Tuesday, 18 September 2018

Somerset Art Weeks 2018

This was my third year of taking part in Somerset Arts Weeks, an annual creative event held each autumn.  Creativity in Somerset seems to grow year on year and in 2018 there were 300 Somerset artists taking part in Open Studios.  I'm sure that like me, most were getting themselves sorted right up to the last minute and pondering where to best hang those yellow signs.

Deciding how to out a new space seemed to take me an age and I very much appreciated support this year from fellow stitcher Julie Edwards.  This was the state of play a few minutes before opening on a super sunny Saturday September morning.  Then I could settle to deciding what my fingers were going to be working on for the 16 days ahead.

I like to experiment each year with different textiles and 2018 for me has very much been about eco and sustainable textiles.  I have particularly loved working with eco dyed and printed fabrics by Kim Winter of Flextiles and I am delighted to be collaborating with Kim to combine her amazing alchemy and my textile skills.

My fingers have also recently been enjoying working with wool produced by John Arbon Mill in North Devon and I and my students have used for all manner of creative makes.  This stunning selection of organic merino and silk blends in Harvest Hues, Bazaar, Plantation and Atlantis Lite caught the eye and fingers of studio visitors throughout the two weeks.

Another Devon product I have long worked with is Twool.  A 100% wool product made from Whiteface Dartmoor sheep, I have been using their plaited and twisted rope for bowl making this summer and it is proving a very popular make in workshops.  

In addition to demonstrating these my use of these products, I decided to set myself a  personal challenge.  There is an amazing walnut tree by the entrance to Spring Farm and as the walnuts were just coming to fruition at the beginning of Arts Weeks, this shouted to me to be the basis of a little project.

I decided first off to make a sample leave using wool and stitch - held together in the first instance with a little water soluble fabric.  I had a little fun too extracting dye from the walnut hulls and making cotton, wool and silk fabric text pieces by boiling in a little water for around an hour.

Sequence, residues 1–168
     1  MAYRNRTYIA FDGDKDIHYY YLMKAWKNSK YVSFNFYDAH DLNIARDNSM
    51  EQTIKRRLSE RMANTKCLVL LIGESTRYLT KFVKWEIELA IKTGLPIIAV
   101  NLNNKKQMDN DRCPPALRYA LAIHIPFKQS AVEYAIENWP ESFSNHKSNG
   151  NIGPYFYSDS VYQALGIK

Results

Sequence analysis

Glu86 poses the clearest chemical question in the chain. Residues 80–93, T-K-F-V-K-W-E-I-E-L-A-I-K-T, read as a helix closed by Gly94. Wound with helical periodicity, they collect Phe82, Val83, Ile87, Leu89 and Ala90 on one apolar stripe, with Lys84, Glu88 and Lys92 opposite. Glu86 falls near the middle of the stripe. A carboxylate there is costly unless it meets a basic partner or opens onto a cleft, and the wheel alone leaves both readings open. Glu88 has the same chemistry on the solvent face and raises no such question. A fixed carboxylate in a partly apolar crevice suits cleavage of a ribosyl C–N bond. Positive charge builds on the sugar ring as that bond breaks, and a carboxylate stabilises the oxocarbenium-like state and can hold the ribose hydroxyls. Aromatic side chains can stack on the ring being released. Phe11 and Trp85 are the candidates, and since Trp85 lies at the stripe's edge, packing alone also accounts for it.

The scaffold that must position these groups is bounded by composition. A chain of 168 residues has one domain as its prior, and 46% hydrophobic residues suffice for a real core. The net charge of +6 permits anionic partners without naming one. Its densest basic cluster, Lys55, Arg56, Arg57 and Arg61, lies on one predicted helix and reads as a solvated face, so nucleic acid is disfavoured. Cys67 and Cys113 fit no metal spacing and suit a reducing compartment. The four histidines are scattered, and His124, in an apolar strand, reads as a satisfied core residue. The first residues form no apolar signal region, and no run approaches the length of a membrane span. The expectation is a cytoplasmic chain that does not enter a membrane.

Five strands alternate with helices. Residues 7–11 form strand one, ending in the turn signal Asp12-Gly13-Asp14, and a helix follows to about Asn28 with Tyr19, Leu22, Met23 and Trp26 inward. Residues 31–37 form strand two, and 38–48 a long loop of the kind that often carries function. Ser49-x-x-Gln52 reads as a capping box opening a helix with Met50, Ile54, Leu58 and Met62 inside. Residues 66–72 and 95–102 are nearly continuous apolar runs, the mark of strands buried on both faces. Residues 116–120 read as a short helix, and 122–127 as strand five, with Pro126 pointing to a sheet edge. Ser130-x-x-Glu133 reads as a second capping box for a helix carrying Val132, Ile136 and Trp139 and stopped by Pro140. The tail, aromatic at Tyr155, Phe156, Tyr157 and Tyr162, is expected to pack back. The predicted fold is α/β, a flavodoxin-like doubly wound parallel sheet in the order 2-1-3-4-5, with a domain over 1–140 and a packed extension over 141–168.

I had a little dabble too with eco printing the leaves onto silk fabric - spritzed with water and vinegar before I wrapped around a stick tightly with string and steamed for a couple of hours.  The final piece is getting close to completion - like most creative work, it is all the better for not being rushed.

Forever passionate about Somerset willow, my Somerset Levels inspired display for 2018 had to include a selection of Somerset Willow products by Coates English Willow  Lovingly embellished with beautiful fabrics by fellow Somerset stitcher Ann, a wider selection can be found in the shop at their visitor centre at Stoke st Gregory.

And last but by no means least, I displayed a selection of my levels inspired pictorial work, including some new free stitch work on wool.  This was a new experiment for me this summer to see how I could 'dry felt' wool fibres and add free stitch to reflect some of the many Somerset views I have photographed - you can find more images on this link.

Thank you to the 450 or so people who kindly visited to see my work this year and for the encouraging comments and feedback.  I had some amazing creative chats over the 16 days and I learnt all manner of interesting things.  What a creative and passionate lot we are in Somerset and long may it last.

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